Dutch cheese is famous worldwide, and Gouda and Edam are among the most popular varieties. You can visit local cheese markets or even take a tour of a cheese farm to see how these delicious wheels are made.
Also known as “snert,” this thick pea soup is a Dutch winter staple. It often contains pieces of pork and sausage and is hearty enough to be a meal on its own.
This dish consists of fries topped with a variety of condiments like mayonnaise, peanut sauce, and sometimes even a layer of chopped onions. The name translates to “war fries,” likely due to the messy appearance of the dish.
Dutch Apple Pie
Appeltaart is a deep-dish apple pie often spiced with cinnamon and topped with a crumbly crust. It’s traditionally served with a dollop of whipped cream and is a favorite in cafes across the country.
Often sold at fish stalls and markets, kibbeling consists of battered and deep-fried chunks of fish, usually cod. It’s typically served with a herbed mayonnaise dip and is a popular snack or lunch option.
This is a traditional Dutch spirit from which gin evolved. It’s made with juniper berry (which is “jeneverbes” in Dutch), and it comes in various types and flavors. It’s often consumed neat but can also be used in cocktails.
The Netherlands may not be the first country that comes to mind when thinking of culinary destinations, but its local cuisine is both hearty and diverse. From mouth-watering sweets to savory classics, the food scene offers a plethora of options that are deeply rooted in Dutch culture.
The currency used in the Netherlands is the Euro (€). It’s advisable to have some cash on hand for smaller purchases or in places that don’t accept cards. However, most businesses in cities and tourist areas accept credit and debit cards. ATMs are widely available for withdrawals. Currency exchange services are commonly found in airports, train stations, and city centers.
Euro current exchange rates
- 100 EUR = $108.80 or $1 = 0.92 Euro
- 100 EUR = 85.60 British Pounds
- 100 EUR = 163.02 Australian Dollar
- 100 EUR = 146.83 Canadian Dollar
- 100 EUR = 1,128.67 Swedish Krona
- 100 EUR = 432.28 Polish Zloty
- 100 EUR = 2,426.40 Czech Koruna
- 100 EUR = 140,946.86 South Korean Won
- 100 EUR = 769.47 Chinese Yuan
- 100 EUR = 15,978.23 Japanese Yen
The Netherlands has an efficient and well-connected public transportation system. The OV-chipkaart is a smart card that can be used for accessing trams, buses, and trains. Multiple ride and day passes are also available and can often be purchased from machines or directly from the driver.
Tipping is not mandatory in the Netherlands, as service charges are included in your bill. However, it is customary to leave small change or round up to the nearest euro in restaurants, bars, and taxis if you’re satisfied with the service.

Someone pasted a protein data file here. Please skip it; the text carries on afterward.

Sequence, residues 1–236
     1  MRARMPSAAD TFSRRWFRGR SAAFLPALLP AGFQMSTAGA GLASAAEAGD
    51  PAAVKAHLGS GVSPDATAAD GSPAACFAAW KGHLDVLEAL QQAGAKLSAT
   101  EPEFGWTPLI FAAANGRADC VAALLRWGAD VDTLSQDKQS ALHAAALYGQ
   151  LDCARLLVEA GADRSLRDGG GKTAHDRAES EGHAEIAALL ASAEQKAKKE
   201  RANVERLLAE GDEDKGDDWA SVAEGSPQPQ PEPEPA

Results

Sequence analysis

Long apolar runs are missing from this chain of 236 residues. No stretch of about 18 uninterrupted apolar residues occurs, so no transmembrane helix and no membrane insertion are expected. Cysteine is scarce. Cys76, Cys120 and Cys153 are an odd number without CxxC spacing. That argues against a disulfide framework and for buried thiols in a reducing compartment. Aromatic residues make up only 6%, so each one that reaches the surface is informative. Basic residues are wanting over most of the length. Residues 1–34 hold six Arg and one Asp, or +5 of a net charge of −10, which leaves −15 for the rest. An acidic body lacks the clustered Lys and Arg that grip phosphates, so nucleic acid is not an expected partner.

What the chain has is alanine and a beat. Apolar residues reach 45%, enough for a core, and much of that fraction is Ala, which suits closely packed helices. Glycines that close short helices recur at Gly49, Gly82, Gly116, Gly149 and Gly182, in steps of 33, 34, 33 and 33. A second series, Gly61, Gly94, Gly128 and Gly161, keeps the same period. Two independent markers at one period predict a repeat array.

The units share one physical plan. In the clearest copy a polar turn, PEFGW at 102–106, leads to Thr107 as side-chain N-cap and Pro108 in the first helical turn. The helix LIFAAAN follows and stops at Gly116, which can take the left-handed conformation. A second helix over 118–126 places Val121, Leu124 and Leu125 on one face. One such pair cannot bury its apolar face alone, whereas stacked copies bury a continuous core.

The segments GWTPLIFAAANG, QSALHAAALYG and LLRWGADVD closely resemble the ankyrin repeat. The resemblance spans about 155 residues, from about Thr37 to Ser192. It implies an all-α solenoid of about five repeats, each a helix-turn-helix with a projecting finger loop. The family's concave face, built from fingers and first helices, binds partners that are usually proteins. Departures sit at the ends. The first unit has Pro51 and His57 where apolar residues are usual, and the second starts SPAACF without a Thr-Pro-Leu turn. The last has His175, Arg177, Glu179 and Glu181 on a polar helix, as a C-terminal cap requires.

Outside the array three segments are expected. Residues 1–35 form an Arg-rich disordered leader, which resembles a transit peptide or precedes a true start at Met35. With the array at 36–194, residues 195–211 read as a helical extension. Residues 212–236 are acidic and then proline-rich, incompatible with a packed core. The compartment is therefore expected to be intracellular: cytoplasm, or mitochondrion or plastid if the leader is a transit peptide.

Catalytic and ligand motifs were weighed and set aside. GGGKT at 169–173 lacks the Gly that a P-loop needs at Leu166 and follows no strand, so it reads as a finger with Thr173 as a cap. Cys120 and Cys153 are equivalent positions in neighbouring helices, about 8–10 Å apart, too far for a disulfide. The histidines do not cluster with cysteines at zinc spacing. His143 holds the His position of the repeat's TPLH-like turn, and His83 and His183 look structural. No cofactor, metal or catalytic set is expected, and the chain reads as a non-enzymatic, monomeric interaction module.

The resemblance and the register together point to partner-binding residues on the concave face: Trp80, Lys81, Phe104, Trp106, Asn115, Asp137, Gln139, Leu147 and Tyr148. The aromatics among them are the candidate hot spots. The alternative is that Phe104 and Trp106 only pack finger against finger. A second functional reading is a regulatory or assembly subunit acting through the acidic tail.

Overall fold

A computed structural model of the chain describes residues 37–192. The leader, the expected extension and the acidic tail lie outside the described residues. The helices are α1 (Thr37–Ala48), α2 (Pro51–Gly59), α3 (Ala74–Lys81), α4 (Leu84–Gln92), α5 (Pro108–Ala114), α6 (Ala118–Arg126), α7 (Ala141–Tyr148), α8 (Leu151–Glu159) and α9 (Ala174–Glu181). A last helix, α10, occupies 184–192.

The Netherlands is generally a safe country to visit, with low crime rates compared to other European nations. Nevertheless, it’s wise to take standard precautions, particularly in crowded tourist areas where pickpocketing can occur.
Given the country’s bike-friendly nature, renting a bicycle is one of the best ways to explore cities and the countryside. Many places offer daily or hourly rentals, and some even provide guided bike tours.
Most shops open around 9 or 10 a.m. and close by 6 p.m., although times can vary. Sundays usually have shorter opening hours, and some smaller shops may be closed.
The tap water in the Netherlands is of high quality and is safe to drink unless otherwise indicated. It’s both an eco-friendly and budget-friendly alternative to bottled water.
The power plugs and sockets used in the Netherlands are of type F, with a standard voltage of 230 V and a standard frequency of 50 Hz. Travelers from countries with different electrical outlets may need a plug adapter or voltage converter.
- Lithuania Travel Official Website – The official tourism website for Lithuania, offering comprehensive information on attractions, accommodations, and travel tips.
- Vilnius Tourism – Official tourism page for Vilnius, the capital city, featuring events, guided tours, and must-see landmarks.
- Booking.com – An online booking platform where you can reserve hotels, hostels, and other forms of accommodation in Lithuania.
- Skyscanner – Search for affordable flights to Lithuania from various airlines and booking websites.
- TripAdvisor Lithuania Forum – A forum where travelers share tips, ask questions, and discuss all things related to visiting Lithuania.
- Lonely Planet Lithuania – Trusted travel guide offering detailed information on Lithuanian culture, attractions, and travel logistics.
- Culture Trip: Lithuania – Articles and recommendations focusing on Lithuania’s culture, food, and local experiences.
- Lietuvos Geležinkeliai – Official website for Lithuania’s national railway, useful for booking train tickets within the country.
- Klaipeda Tourism – The official tourism site for Klaipeda, offering information on the port city and the nearby Curonian Spit.
- Eurail Lithuania – Details on using the Eurail pass in Lithuania, including route ideas and travel tips.
- Baltic Holidays – Specializes in customized holiday packages for the Baltic States, including Lithuania.
- Numbeo Lithuania – Provides statistical data on the cost of living in Lithuania, which can help with budget planning.
From its rich cultural heritage to diverse landscapes and delectable local cuisine, the Netherlands offers a well-rounded travel experience for all types of travelers. Whether you’re cycling through picturesque tulip fields, exploring historic cities, or tasting iconic Dutch foods, there’s something for everyone in this compact yet vibrant country.